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Without licenses, conversion therapists in Arizona operate with relative impunity

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LOOKOUT is a nonprofit news outlet focused on Arizona’s LGBTQ+ communities. Sign up for their newsletter here

For years, Elena Joy Thurston thought love wasn't real, and everyone else was faking it. So in 2017, when she realized she had feelings for another woman, she was elated.

“All of a sudden falling in love, feeling all those things that they talked about in romance novels and movies and such, and actually realizing it was—people actually do experience this,” she said.

But Elena was a member of the Church of Latter Day Saints, and she was already married to a man. For three weeks, Elena secretly texted and met up with the woman she fell for. When her husband found out, Elena believed she had to confess and repent to her bishop. If he forgave her, she would be free of sin.

“I was told I wasn't making any progress,” she said. “And a friend told me, ‘There's a guy in town. I think he fixes this stuff. Do you want to talk to him?’”

That guy was Wayne Johnson, and Elena went to him to try and change her sexuality through a process known as conversion therapy. For six months, she spent eight hours a week with him. Wayne's process involves talking through Elena's childhood memories, searching for a moment where a man might have traumatized her.

But it didn't work, and when Elena shared traumatic experiences with Johnson over and over again without feeling any change in her sexuality, she began spiraling into depression and suicidal thoughts. As it turns out, Johnson wasn't actually a therapist at all, at least not a licensed one. Elena says he described himself as a mental health coach. Johnson didn't respond to a request for comment on this story.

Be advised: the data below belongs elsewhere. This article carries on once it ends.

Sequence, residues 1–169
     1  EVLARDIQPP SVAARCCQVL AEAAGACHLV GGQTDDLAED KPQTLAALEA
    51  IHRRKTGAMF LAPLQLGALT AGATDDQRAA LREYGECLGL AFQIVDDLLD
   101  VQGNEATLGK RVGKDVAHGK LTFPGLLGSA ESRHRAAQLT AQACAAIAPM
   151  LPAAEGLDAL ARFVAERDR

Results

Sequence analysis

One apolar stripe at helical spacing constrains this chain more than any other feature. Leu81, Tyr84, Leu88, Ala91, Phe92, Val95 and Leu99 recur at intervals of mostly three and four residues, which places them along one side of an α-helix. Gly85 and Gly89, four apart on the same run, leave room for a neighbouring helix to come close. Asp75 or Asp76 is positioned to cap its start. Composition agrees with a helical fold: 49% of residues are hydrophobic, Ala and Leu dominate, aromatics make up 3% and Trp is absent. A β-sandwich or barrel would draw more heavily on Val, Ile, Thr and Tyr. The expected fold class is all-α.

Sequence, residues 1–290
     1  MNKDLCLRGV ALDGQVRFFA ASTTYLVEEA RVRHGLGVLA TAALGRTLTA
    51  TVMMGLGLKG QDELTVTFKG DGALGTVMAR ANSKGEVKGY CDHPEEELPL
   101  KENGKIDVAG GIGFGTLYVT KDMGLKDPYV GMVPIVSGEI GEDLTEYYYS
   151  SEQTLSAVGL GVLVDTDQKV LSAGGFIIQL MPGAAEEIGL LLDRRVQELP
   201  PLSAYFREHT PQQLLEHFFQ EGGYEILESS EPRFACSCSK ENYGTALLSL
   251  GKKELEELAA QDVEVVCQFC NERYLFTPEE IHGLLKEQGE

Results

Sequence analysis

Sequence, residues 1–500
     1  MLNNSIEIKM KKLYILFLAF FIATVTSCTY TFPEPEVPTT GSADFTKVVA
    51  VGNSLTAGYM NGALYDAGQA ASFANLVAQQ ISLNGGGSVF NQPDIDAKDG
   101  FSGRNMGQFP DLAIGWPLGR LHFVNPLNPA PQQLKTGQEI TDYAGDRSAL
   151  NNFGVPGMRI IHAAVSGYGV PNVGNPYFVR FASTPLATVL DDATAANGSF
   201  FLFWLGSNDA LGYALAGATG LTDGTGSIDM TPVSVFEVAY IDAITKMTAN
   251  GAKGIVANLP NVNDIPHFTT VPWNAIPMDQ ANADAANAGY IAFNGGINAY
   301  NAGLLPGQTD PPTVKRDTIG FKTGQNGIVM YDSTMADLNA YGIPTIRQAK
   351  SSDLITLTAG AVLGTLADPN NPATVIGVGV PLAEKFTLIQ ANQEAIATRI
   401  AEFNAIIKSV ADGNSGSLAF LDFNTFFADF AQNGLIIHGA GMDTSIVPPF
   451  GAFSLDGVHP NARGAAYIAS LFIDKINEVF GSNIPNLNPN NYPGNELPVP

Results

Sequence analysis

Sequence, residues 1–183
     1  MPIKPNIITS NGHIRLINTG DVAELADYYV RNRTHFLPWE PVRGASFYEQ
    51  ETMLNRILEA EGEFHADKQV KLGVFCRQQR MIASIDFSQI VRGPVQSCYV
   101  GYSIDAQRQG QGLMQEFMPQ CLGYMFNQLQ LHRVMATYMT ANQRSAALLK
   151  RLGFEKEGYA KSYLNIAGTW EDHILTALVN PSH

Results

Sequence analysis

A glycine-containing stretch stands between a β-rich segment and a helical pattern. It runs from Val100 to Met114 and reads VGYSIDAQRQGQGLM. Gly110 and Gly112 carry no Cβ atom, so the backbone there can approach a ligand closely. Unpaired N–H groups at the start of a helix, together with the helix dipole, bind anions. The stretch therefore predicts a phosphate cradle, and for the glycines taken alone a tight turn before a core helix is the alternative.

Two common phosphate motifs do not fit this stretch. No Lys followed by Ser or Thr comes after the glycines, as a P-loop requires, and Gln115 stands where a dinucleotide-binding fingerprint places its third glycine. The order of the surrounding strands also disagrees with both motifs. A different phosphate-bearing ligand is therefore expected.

According to data from the National Center for Lesbian Rights, licensed therapists make up only about a third of conversion therapists currently practicing in the United States.

“In Arizona, we're tracking 32 licensed conversion therapists that are active and 62 unlicensed,”

This is Matthew Shurka, the co-founder of the Born Perfect program, which identifies conversion therapists.

Those unlicensed conversion therapists include ministers and church leaders, as well as life coaches like Wayne Johnson, and most conversion therapy bands in the United States only affect licensed medical providers.

Arizona's Board of Behavioral Health examiners already considers conversion therapy to be unprofessional conduct and counselors found doing it could lose their license to practice. However, the loss of a license doesn't mean they have to stop working with clients.

One prominent Arizona conversion therapist Floyd Godfrey worked as a licensed counselor for more than two decades and founded Family Strategies Counseling Center in Mesa. In a video recorded for the group, Parents and Friends of Ex-Gays, Godfrey described his belief that trauma and a lack of proper attachments growing up was the cause of being gay.

Godfrey lost his license in 2023, after the board received four sexual harassment complaints against him.

Today, Godfrey advertises himself as an unlicensed mental health coach, offering sessions to help clients with unwanted same sex attraction. Godfrey denied the harassment allegations in an emailed statement.

Shortly afterwards, Family Strategies sent a cease and desist letter barring LOOKOUT from contacting any of its staff.

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